This contrast became more apparent with the remarks of each and every one of the CEO keynotes: Jason Kilar, Hulu; William Lynch, Barnes and Noble; and Oprah Winfrey, OWN. They all shouted about the key to success being the result of a dialog with the customer, listening to them, and giving them what they wanted. The panelist’s focus was certainly not the result of these folks being from a culture that celebrates entrepreneurial thinking. The legacy rules discourage divisional collaboration and non-linear approaches. You don’t get your own castle without being able to protect the moat. Problem is that the market in which these rules worked moved and it didn’t happen in the dead of night.

The old marketplace based on scarcity of information has left the building and with it the providers’ absolute control of access.

So what to do . . . ?

After having given this way too much thought, I would suggest an industry strategic planning meeting be convened with a very select group of players. I would gather together Hearst’s Frank Bennack, Advance’s Donald or Stephen Newhouse, Google’s Eric Schmidt, Barnes and Noble’s William Lynch, and Clay Shirky, who consults, teaches, and writes on the social economic effects of Internet technologies. I would also include Ken Doctor, a leading news industry analyst, as the scribe. The group should be sequestered for a week and then every six months reconvene to make adjustments. With all the exclusive consortiums in play targeting “low hanging fruit,” this is one consortium that could actually move the needle, and create enough disruptive engagement to get all those “mortgages” paid for a long, long time.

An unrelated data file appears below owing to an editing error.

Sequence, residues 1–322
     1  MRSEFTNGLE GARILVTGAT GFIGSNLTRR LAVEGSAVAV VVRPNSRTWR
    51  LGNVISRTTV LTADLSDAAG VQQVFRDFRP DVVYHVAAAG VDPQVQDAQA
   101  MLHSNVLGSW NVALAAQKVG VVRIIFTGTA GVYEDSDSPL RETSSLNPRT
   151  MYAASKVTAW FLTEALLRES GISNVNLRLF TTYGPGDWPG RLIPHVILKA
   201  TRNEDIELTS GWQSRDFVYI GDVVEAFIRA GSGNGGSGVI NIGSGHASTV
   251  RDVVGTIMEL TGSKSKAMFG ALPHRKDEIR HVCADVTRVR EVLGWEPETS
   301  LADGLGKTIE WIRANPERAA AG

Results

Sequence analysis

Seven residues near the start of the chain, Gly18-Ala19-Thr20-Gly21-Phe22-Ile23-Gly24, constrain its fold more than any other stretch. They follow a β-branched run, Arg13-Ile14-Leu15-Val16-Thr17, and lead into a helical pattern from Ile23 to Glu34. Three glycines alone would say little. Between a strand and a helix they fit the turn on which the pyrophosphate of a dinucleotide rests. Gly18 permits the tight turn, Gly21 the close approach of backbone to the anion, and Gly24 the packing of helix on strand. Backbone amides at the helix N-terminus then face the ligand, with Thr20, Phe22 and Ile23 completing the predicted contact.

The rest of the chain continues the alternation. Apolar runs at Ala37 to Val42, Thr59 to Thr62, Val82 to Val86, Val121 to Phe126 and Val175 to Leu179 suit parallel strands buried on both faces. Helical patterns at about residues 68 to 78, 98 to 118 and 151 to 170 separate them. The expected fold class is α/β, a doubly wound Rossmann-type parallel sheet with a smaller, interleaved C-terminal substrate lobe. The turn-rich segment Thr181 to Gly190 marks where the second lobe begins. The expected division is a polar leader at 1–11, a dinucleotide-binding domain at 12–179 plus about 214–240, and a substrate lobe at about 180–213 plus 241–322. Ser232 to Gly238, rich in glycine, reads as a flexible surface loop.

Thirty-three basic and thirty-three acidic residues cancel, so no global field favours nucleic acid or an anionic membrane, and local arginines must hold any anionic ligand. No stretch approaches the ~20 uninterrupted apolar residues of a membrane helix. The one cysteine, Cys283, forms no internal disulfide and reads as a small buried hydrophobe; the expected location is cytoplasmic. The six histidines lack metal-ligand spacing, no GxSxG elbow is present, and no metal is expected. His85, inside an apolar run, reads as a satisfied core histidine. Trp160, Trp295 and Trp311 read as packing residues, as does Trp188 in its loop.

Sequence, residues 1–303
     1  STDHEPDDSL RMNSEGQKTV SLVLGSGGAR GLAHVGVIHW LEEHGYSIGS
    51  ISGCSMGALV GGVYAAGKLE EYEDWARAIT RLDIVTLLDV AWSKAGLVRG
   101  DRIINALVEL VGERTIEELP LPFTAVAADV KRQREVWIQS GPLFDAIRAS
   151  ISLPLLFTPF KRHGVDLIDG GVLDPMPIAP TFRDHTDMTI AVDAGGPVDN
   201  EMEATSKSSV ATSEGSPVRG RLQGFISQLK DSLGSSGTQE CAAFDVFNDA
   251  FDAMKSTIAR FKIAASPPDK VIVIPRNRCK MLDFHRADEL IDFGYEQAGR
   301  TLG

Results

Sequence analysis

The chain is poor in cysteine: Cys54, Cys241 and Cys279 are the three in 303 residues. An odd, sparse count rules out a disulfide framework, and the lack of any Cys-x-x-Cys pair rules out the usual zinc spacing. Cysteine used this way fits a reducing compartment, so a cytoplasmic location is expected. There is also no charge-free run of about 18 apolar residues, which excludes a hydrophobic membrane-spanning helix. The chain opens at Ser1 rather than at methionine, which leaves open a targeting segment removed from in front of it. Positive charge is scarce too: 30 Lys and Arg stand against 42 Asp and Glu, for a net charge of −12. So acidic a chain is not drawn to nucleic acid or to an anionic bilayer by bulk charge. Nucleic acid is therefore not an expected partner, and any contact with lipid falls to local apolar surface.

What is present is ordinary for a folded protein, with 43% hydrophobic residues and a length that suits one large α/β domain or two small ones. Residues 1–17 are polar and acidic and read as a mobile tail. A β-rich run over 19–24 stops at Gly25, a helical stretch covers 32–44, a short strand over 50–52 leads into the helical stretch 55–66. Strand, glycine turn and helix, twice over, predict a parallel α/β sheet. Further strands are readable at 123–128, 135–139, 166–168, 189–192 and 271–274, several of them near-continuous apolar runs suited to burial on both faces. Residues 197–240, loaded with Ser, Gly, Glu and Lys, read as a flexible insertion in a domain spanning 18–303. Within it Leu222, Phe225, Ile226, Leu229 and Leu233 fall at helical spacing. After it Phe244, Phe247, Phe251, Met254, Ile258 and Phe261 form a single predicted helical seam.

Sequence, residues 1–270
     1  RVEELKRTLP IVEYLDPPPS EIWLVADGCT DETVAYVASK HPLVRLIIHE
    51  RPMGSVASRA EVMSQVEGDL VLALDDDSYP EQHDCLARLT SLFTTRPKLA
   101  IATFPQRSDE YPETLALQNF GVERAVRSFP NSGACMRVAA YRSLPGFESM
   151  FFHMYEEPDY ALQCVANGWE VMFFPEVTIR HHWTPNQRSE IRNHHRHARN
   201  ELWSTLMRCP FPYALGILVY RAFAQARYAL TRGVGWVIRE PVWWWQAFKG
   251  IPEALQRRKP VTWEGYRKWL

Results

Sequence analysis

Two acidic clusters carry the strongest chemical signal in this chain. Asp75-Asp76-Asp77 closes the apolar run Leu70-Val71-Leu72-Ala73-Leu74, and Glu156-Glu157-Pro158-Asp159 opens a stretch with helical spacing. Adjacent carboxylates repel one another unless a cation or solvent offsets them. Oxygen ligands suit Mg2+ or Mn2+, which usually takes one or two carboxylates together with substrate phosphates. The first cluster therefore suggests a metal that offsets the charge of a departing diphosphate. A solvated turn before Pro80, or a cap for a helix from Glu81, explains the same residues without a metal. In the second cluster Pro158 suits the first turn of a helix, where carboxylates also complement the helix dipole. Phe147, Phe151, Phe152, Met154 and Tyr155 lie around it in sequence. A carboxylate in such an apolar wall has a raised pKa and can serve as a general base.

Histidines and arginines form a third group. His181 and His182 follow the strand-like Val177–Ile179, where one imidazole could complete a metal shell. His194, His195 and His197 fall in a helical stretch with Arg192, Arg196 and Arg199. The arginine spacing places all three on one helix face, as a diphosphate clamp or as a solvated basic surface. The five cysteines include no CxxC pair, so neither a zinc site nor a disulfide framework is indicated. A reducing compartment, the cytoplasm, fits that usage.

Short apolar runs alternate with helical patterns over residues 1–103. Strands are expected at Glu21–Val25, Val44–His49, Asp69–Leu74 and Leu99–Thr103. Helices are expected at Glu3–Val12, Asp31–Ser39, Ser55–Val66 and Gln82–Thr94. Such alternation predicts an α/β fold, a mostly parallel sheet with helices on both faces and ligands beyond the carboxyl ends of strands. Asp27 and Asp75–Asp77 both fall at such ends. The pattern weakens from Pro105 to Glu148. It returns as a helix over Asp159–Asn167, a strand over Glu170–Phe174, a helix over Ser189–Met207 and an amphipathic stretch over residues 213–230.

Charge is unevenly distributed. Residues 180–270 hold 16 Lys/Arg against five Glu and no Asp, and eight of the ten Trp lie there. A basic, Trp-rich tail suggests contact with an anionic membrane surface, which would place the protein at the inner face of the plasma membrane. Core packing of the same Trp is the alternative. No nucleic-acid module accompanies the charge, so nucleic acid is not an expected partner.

My guess is that, in the end, a process of marking, tracking, and monetizing will emerge. The only absolute is that time is of the essence in the 30-second world or information.

PR News 2010 Media Relations Conference: Roger Conner Interviewed by Johna Burke, BurrellesLuce

Wednesday, December 22nd, 2010

Transcript -

JOHNA BURKE: Hello, this is Johna Burke with BurrellesLuce, and we’re here at the PR News Media Relations Summit. I’m joined by Roger.

Roger, will you please introduce yourself?

ROGER CONNER: Hi, I’m Roger Conner, senior director of communications for Catholic Charities USA after a 25-year career as vice president of communications with Marriott, the hotel company.

BURKE: Thanks, Roger. And, you know, platinum member here, so big Marriott fan. I’ll just get that off the record right away.